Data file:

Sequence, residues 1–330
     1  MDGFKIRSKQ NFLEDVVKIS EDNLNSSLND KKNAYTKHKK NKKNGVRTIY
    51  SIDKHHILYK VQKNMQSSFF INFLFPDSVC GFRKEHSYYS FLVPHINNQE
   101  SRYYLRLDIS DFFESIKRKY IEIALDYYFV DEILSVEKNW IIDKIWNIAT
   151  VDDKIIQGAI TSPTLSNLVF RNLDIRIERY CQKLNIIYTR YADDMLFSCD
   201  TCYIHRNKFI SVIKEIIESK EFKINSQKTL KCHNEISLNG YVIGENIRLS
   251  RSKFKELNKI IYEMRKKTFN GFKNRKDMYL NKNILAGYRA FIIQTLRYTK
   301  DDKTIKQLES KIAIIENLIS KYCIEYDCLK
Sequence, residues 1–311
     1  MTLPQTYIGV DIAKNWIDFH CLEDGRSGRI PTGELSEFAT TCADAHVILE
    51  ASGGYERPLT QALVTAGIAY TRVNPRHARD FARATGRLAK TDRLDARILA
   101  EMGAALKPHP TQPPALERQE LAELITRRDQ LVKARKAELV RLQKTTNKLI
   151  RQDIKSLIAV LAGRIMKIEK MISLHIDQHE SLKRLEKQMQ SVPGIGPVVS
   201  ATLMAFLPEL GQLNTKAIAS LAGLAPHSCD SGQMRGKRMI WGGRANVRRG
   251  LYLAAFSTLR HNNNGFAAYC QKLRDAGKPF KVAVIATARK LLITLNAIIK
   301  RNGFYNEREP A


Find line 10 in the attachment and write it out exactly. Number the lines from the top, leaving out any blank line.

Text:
     1  MTLPQTYIGV DIAKNWIDFH CLEDGRSGRI PTGELSEFAT TCADAHVILE